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Clay Matthews’ controversial roughing the passer call on Kirk Cousins has everyone confused

The call gave the Vikings new life.

The Green Bay Packers looked to have their game against the Minnesota Vikings locked up after Kirk Cousins threw an interception down by eight points with 1:45 left on the clock. Instead, Packers linebacker Clay Matthews was called for roughing the passer, a penalty that extended the drive and allowed the Vikings to tie the game.

This was the call in question:

Does that look like roughing the passer to you?

After that penalty, the Vikings marched right down the field for a touchdown pass to Adam Thielen and a two-point conversion to Stefon Diggs that tied the game at 29.

Nothing about this call makes sense

There was nothing after the initial hit by Matthews. He hit Cousins clean in the chest as the ball was released. It didn’t look like he landed on Cousins with his body weight, but apparently the ref thought differently. Nevertheless, the call was made and the interception was wiped out.

Referee Tony Corrente explained it after the game. Unfortunately, his explanation won’t leave anyone, especially Packers fans, with much satisfaction.

Take another look at the video. Does it look to you like Matthews picked up Cousins and drove him into the ground? No. Cousins’ feet do leave the ground, so maybe that’s what the refs saw. However, as the video makes clear it’s Matthews’ momentum combined with Cousins in the act of throwing that gives him a lift.

The NFL is standing by the call, though

Senior Vice President of Officiating Al Riveron will defend Corrente’s call and even pass it around to all 32 teams as a teach lesson:

But Dean Blandino and Mike Pereira are the two men who previously held Riveron’s position, and both disagree with the call.

‘I don’t know what else to do.”

Here’s what Matthews said after the game outside of his locker:

“I mean, I don’t even know where to start to be completely honest with you. There are so many emotions running through (me) as far as what a terrible call it was, but at the same time, I don’t know what else to do. I don’t know, you let me know. Did I put pressure on him? Because I thought I hit him within the waist to chest (area). I got my head across, put my hands down and to call it at that point in the game is unbelievable.

”Last week, ok, shame on me, but this week — that’s unbelievable and the worst part is, we’ll probably send it in and you know what they are going to say — they’ll find fault on me because they are going to agree with the refs. I don’t know. It’s a difficult call to call and you saw how it changed the game and I know there’s an emphasis on protecting quarterbacks but it’s gotten out of control now.”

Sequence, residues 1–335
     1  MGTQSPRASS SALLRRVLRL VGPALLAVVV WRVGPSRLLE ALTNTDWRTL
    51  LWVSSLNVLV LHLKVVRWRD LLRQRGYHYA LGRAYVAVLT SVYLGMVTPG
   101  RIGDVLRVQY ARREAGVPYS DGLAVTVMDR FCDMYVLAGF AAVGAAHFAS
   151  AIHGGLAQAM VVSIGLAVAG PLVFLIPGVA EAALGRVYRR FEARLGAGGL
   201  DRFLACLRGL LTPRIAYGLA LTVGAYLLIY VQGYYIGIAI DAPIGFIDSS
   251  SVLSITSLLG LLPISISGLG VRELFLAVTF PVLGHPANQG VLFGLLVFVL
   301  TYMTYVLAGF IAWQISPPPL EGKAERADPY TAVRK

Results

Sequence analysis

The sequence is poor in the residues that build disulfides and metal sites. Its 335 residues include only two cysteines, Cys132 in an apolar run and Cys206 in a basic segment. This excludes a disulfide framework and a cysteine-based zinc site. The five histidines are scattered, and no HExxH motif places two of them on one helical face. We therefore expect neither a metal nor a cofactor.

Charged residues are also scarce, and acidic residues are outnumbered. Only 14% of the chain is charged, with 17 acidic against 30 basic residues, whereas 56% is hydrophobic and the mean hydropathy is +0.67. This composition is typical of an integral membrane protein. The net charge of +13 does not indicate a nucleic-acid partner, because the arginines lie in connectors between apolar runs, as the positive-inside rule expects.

“A little bit of gray area”

“I think that’s where a little bit of gray area is in the judgment of the defender hitting the quarterback,” Packers coach Mike McCarthy said the next day.

“I get what the goal (of player safety) is, and we’re all for the goal being achieved, but at the same time, you have to make sure it’s not a competitive disadvantage to the pass rusher trying to hit the quarterback.”

McCarthy didn’t object to the use of instant replay in that situation, either.

Room for interpretation

Here’s the entire roughing the passer rule:

A rushing defender is prohibited from committing such intimidating and punishing acts as “stuffing” a passer into the ground or unnecessarily wrestling or driving him down after the passer has thrown the ball, even if the rusher makes his initial contact with the passer within the one-step limitation provided for in (a) above. When tackling a passer who is in a defenseless posture (e.g., during or just after throwing a pass), a defensive player must not unnecessarily or violently throw him down or land on top of him with all or most of the defender’s weight. Instead, the defensive player must strive to wrap up the passer with the defensive player’s arms and not land on the passer with all or most of his body weight.

It leaves a lot of room for interpretation, especially that last part of it. At least one former official made that perfectly clear.

The game was extended into overtime after the Packers missed a 52-yard field goal. Luckily, or unluckily depending on your rooting interest, the Vikings missed a game-winning 35-yard field in overtime to finish with a 29-29 tie.

It’s worth noting here that the 29-29 final score is an NFL first, a scorigami!

A tie’s better than a loss, but that won’t leave anyone in this game feeling much satisfaction, especially Packers fans. Green Bay had it nearly wrapped up, but a bad call changed the outcome of the game.